Male shamas can be aggressive towards other species in an outdoor exhibit, especially during the breeding season. I have kept mated pairs with other birds, but in huge areas with lots of cover. Mostly the aggression consists of chasing others from the nest area, but each situation will be different. I suggest planting your aviary heavily, so as to provide numerous sight barriers, and also that you establish the finches in the exhibit before adding the shamas.

    Good luck and please keep me posted.

    Best regards, Frank Indiviglio.

  3. avatar

    Great article. I had the opportunity to have all these birds while leaving overseas n the leafbirds were one of my favorites. I would add the green cardinal as another great specie. If u have them available in the USA let me know, they are on my wish list

  4. avatar

    Hi marcus,

    Thanks for the kind words. Green Cardinals sometimes appear; please see this article, and Part I, to make sure we are talking about the same species. Best source I know of is Birds Express (You’ll need to keep an eye on list, or ask for an alert, if possible. You can also try Softbills for Sale..

    Good luck and pl keep me posted, Best, Frank

About Frank Indiviglio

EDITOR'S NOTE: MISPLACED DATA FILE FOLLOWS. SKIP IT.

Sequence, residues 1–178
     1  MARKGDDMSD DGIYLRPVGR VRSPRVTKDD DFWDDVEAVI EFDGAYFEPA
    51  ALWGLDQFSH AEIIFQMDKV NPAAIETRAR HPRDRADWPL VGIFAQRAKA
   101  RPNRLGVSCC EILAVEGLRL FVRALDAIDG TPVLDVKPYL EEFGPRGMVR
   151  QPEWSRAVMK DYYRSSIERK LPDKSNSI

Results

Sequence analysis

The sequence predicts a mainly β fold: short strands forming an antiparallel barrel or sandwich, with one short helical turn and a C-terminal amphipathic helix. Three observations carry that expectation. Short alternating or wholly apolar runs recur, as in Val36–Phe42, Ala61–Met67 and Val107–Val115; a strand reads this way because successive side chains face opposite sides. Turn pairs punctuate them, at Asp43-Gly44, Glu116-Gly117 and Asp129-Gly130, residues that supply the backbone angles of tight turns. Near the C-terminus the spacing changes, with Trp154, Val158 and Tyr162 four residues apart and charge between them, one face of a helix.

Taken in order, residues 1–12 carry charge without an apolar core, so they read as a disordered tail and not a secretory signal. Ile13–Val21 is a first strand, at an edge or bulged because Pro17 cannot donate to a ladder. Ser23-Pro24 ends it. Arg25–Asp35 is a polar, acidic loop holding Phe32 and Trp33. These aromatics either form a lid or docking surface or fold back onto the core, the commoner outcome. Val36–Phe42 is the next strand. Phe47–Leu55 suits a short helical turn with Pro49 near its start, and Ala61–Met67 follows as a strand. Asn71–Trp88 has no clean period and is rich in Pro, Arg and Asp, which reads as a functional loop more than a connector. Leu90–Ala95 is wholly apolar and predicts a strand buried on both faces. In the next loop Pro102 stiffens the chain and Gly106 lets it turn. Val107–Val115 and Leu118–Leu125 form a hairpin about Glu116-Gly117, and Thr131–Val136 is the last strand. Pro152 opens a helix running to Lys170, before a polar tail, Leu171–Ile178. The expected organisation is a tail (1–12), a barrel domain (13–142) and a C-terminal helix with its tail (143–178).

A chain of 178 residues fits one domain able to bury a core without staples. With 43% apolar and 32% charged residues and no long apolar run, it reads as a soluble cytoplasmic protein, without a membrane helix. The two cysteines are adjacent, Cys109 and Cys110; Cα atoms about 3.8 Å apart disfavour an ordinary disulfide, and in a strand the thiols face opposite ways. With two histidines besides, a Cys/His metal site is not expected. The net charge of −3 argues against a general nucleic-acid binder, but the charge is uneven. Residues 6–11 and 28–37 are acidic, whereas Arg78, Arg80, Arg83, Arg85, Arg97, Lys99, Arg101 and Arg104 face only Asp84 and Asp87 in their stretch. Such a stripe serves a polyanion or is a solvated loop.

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I believe that I was born with an intense interest in animals, as neither I nor any of my family can recall a time when I was not fascinated by creatures large and small. One might imagine this to be an unfortunate set of circumstances for a person born and raised in the Bronx, but, in actuality, quite the opposite was true. Most importantly, my family encouraged both my interest and the extensive menagerie that sprung from it. My mother and grandmother somehow found ways to cope with the skunks, flying squirrels, octopus, caimans and countless other odd creatures that routinely arrived un-announced at our front door. Assisting in hand-feeding hatchling praying mantises and in eradicating hoards of mosquitoes (I once thought I had discovered “fresh-water brine shrimp” and stocked my tanks with thousands of mosquito larvae!) became second nature to them. My mother went on to become a serious naturalist, and has helped thousands learn about wildlife in her 16 years as a volunteer at the Bronx Zoo. My grandfather actively conspired in my zoo-buildings efforts, regularly appearing with chipmunks, boa constrictors, turtles rescued from the Fulton Fish Market and, especially, unusual marine creatures. It was his passion for seahorses that led me to write a book about them years later. Thank you very much, for a complete biography of my experience click here.